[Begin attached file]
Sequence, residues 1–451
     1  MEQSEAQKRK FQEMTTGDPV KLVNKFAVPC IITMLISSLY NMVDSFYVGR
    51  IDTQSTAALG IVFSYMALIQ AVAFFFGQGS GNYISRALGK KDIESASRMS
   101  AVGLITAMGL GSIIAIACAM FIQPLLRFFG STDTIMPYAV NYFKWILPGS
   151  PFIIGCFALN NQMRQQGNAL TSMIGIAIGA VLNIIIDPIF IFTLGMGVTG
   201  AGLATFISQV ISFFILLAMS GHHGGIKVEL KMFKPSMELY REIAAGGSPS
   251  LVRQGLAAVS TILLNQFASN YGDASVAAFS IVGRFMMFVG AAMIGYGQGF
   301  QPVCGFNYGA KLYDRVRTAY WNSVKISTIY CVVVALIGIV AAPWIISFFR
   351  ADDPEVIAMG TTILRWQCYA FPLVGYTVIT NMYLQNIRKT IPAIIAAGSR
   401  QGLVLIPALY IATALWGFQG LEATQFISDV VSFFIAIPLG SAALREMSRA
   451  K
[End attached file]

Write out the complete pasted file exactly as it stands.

Sequence, residues 1–451
     1  MEQSEAQKRK FQEMTTGDPV KLVNKFAVPC IITMLISSLY NMVDSFYVGR
    51  IDTQSTAALG IVFSYMALIQ AVAFFFGQGS GNYISRALGK KDIESASRMS
   101  AVGLITAMGL GSIIAIACAM FIQPLLRFFG STDTIMPYAV NYFKWILPGS
   151  PFIIGCFALN NQMRQQGNAL TSMIGIAIGA VLNIIIDPIF IFTLGMGVTG
   201  AGLATFISQV ISFFILLAMS GHHGGIKVEL KMFKPSMELY REIAAGGSPS
   251  LVRQGLAAVS TILLNQFASN YGDASVAAFS IVGRFMMFVG AAMIGYGQGF
   301  QPVCGFNYGA KLYDRVRTAY WNSVKISTIY CVVVALIGIV AAPWIISFFR
   351  ADDPEVIAMG TTILRWQCYA FPLVGYTVIT NMYLQNIRKT IPAIIAAGSR
   401  QGLVLIPALY IATALWGFQG LEATQFISDV VSFFIAIPLG SAALREMSRA
   451  K